Despite a three-day week, the bond markets were extremely volatile. The rally that began on Dec. 12 carried over into Christmas week. vLong Treasuries advanced 8 to 10 points ($80 to $100 per $1,000 bond) while long high-grade municipals advanced 6 to 8 points in price. The corporate market was harder to follow since there were so few issues to track. But long corporates were up several points too.
The volatility surfaced in an unlikely area: the short Treasury bill market. At Monday's bill auctions, the average discounted yield on the three-month bill was 168 basis points lower (higher prices) than the previous week's auction, while the six-month average was down 139 points. But on Wednesday morning, after a sloppy year bill auction the day before, long bills opened 100 basis points higher (lower prices). These are unheard-of yield and price changes in the most liquid and highest quality short-term investments available.
The volatility exists because of the uncertainties surrounding interest rates. Have rates peaked or not? Will the rally be sustained or will prices decline to lower levels? To place this entire situation in perspective, it would help to look at the rally itself.
Two weeks ago, the Treasury market was in a free-fall state with no support. At the same time high interest rates had caused sharp declines in the commodity markets and in the financial future market.
The situation had deteriorated to the point that on Dec. 11, heavy margin calls were issued to the owners of financial futures contracts to put up additional funds to cover their sizable mounting losses. In the futures market, an investor can control a $100,000 government bond contract with a cash outlay of $2,000. The leverage is great. Many speculators had been wiped out in prior days and so the specter of a total collapse in the financial futures market loomed large and real. This was especially true because this time the cash market, which was in a virtual free fall, was leading the financial futures market downward.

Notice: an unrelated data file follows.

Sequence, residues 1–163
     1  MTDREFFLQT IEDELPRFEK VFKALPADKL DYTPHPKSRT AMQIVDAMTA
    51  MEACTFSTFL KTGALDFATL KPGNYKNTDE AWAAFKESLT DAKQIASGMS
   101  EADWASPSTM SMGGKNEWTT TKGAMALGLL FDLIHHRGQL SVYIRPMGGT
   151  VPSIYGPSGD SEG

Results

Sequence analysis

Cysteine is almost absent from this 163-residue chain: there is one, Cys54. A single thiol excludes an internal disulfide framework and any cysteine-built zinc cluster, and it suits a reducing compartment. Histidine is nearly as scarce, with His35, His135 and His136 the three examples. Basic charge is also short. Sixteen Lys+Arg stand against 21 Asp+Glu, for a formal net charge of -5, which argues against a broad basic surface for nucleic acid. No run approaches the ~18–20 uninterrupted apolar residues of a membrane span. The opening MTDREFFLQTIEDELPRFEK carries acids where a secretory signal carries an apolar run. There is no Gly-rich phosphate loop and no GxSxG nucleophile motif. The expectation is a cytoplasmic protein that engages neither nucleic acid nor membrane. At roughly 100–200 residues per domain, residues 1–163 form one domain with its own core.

However, on the morning of Dec. 12, a tremendous amount of organized support turned the sagging prices in the financial futures market around. The unforeseen rise in prices in the futures market halted the price decline in the cash market. The immediate result was that a crisis was averted in the futures market and prices in the cash market began moving up, following the futures market.
Dealers who had sold issues they didn't own in the cash market (short-selling) scurried about to cover their positions. A collateral squeeze ensued and prices kept rising. Retail buyers jumped in as prices rocketed off their lows. Economists said rates had peaked and "peak fever" set in. Then when a couple of prominent banks dropped their prime rates to 20 1/2 percent, the rally continued.
This long explanation sheds light on the question of whether the size of the recent price is legitimate. I think not. For the rally to continue, short rates must move lower. For one, dealers cannot hold bonds in inventory and pay 19 1/2 percent to carry them while they earn only 12 to 13 1/2 percent from the coupons. They will hold them only if they think prices will advance.
Therefore, given the technical circumstances behind the rally and given the fact that the Fed has shown no inclination to legitimitize the rally by lowering short rates, one would assume that the rally has gone too far too fast.
Further, the continuance of the rally depends on news favorable to the bond market. Given the volatility in the market, should any adverse news occur, the market will quickly reverse itself.
For the rally to continue, look for bearish economic news, a curtailment of bank lending, declining monetary aggregates and the Federal Reserve allowing the Federal Funds rate to decline. If these events do not occur near term, prices will decline and rates will rise again.